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Adagio Teas
   Features  >  NY Theater Reviews

at Shubert Theatre


  David Hyde Pierce and Bette Midler/ Ph: Julieta Cervantes

Who couldn’t use a hug during these vertiginous times? From the moment she appears onstage – tucked aboard a trolley, her face coyly concealed behind a newspaper – Bette Midler supplies that embrace. Odds are, you have never seen a performer so patently delighted to give it her all. And it’s all here, in spades: the sass, the wit, the warmth.

Every aspect of director Jerry Zaks’ labor-of-love revival has been polished to a high gloss. The precision choir enunciates like a well-oiled machine, and the waiters pull off challenging ballet moves while juggling trays and swooping down banisters (original choreography by Gower Champion). Shifting enticingly and effectively throughout are Santo Loquasto’s luscious vintage-inspired sets and costumes. Still you’ll be hard pressed to take your eyes off Dolly, who, in the restaurant scene that morphs into a courtroom, rarely takes her eyes off her dinner plate. (The scene is sexier that Tom Jones, and she’s eating solo.) This is a woman who, having endured penury, knows that living high on the hog can prove a precarious perch.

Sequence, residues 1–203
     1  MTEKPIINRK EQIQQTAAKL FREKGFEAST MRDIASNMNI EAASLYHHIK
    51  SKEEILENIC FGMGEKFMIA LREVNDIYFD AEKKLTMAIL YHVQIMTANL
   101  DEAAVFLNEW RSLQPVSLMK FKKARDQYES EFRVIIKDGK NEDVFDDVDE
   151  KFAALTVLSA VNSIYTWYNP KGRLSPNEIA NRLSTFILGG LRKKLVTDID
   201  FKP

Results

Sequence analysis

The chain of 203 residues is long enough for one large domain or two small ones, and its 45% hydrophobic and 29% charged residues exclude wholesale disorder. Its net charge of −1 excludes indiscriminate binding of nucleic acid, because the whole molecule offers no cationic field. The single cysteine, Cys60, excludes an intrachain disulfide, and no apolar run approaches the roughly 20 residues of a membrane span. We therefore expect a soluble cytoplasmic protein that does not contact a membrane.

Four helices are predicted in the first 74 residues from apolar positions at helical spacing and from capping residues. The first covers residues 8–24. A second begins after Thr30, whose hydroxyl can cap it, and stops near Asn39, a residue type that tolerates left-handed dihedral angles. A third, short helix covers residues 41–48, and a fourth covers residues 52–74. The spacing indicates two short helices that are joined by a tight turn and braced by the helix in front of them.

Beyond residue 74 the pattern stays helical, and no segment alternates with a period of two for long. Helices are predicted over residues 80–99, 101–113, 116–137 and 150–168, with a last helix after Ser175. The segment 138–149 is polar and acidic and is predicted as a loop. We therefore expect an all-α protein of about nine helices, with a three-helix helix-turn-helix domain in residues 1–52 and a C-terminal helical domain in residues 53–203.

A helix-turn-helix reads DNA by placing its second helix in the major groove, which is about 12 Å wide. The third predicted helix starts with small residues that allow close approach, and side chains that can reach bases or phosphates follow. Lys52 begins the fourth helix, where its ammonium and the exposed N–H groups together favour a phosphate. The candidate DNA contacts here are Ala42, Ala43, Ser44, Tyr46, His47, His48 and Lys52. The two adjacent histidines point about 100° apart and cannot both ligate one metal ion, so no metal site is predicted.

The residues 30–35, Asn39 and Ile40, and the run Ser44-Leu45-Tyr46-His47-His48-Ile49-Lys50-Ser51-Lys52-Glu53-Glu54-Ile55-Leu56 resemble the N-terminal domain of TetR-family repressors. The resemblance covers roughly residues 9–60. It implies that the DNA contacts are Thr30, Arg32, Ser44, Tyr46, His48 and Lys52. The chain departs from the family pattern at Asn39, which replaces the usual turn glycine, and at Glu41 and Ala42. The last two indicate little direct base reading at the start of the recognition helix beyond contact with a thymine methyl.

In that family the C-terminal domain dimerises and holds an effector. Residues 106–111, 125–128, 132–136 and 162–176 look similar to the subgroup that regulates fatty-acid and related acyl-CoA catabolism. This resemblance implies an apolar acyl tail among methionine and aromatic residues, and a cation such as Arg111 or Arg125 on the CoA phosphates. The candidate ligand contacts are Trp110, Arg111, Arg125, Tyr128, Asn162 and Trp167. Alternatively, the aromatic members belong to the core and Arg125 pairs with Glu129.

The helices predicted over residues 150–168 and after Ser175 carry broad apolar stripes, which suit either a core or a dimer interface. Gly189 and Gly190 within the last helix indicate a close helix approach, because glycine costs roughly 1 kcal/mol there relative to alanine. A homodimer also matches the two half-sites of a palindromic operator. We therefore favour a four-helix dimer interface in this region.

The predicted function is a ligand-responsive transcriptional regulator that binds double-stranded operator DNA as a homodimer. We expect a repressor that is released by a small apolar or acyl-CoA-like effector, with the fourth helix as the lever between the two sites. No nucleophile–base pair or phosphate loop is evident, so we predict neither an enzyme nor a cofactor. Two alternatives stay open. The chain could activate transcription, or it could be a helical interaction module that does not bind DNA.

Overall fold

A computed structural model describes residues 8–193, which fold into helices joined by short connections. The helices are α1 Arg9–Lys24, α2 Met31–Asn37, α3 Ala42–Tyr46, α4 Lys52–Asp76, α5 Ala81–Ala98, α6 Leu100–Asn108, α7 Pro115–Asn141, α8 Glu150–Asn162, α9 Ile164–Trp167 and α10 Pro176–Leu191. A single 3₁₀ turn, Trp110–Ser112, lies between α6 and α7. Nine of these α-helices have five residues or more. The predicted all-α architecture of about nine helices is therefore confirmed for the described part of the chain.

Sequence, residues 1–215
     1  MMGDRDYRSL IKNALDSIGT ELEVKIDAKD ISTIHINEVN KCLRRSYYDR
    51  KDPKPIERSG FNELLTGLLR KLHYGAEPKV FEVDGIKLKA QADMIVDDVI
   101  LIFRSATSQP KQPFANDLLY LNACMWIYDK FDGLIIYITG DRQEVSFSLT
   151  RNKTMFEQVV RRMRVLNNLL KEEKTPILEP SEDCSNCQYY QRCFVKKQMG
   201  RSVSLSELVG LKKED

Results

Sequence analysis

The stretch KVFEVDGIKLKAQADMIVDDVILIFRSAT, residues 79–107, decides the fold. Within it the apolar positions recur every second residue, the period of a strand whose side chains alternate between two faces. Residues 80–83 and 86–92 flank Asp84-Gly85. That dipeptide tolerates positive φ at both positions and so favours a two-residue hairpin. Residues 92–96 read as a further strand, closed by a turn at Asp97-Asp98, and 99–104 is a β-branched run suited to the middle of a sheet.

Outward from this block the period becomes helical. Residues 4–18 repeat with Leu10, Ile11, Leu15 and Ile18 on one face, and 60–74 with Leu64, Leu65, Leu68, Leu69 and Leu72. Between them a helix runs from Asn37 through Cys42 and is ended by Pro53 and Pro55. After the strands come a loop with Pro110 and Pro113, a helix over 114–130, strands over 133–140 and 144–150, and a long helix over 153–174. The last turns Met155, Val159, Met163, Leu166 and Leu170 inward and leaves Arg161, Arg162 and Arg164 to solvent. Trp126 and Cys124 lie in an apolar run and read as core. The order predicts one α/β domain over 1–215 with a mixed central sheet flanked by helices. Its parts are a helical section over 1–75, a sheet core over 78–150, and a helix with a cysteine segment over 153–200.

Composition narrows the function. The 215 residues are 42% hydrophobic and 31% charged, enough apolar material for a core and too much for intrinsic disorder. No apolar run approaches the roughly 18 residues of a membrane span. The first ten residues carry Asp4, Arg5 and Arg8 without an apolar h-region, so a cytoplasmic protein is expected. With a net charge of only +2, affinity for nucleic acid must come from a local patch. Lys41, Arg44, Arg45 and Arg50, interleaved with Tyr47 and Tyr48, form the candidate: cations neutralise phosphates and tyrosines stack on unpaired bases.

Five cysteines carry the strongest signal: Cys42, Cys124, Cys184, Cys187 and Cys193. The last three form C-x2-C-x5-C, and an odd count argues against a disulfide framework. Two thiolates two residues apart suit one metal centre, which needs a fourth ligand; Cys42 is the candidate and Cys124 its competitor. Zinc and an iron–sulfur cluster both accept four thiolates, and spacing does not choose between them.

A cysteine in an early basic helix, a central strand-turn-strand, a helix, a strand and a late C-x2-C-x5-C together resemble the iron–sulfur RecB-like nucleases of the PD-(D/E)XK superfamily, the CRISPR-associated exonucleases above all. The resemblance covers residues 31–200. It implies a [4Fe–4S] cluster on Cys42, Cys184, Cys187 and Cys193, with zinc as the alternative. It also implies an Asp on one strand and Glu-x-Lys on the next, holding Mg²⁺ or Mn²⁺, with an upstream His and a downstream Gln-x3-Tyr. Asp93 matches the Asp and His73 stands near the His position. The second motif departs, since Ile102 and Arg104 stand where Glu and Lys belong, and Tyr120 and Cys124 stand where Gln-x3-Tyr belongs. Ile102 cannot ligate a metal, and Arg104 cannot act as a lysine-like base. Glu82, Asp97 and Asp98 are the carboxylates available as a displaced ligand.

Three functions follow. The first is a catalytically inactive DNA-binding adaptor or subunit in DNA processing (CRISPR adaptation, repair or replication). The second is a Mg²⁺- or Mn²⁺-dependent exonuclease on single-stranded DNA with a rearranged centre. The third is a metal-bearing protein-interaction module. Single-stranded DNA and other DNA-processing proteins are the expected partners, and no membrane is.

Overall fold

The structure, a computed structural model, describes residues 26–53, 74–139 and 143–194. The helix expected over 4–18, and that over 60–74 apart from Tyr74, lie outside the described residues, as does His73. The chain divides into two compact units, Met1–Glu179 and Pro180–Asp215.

Her strategy for upward mobility is none too appetizing. David Hyde Pierce plays miserly merchant Horace Vandergelder, Dolly’s willy-nilly intended, as a peevish fussbudget, to the point that the match promises misery. Pierce sings adequately but appears emotively limited to one shtick move: puffing up his cheeks like a cheesed-off chipmunk (think Yosemite Sam). Is it too much to ask that Dolly’s intended fall more into the curmudgeon-with-an-untapped-heart-of-gold category?

All the secondary characters are stellar. As Mrs. Malloy, a demimondaine milliner, Kate Baldwin gets to kick off her good-girl traces (the curse of an angelic face) and play an incipient libertine. Gavin Creel is likewise perfect as her impulsive suitor, a middle-aged shopboy let loose on the town, and Beanie Feldman makes an auspicious Broadway debut as squeaky, excitable hat-shop underling Minnie Fay.

The award for astounding cameo, though, goes to Jennifer Simard (the singing nun from Disaster). Playing nightmare date Ernestina – a ploy of Dolly’s to send Horace reeling into her arms – Simard effortlessly hits what sounds like a high Z.

All in all, the show scores an A-plus-plus. Score tickets while you can.


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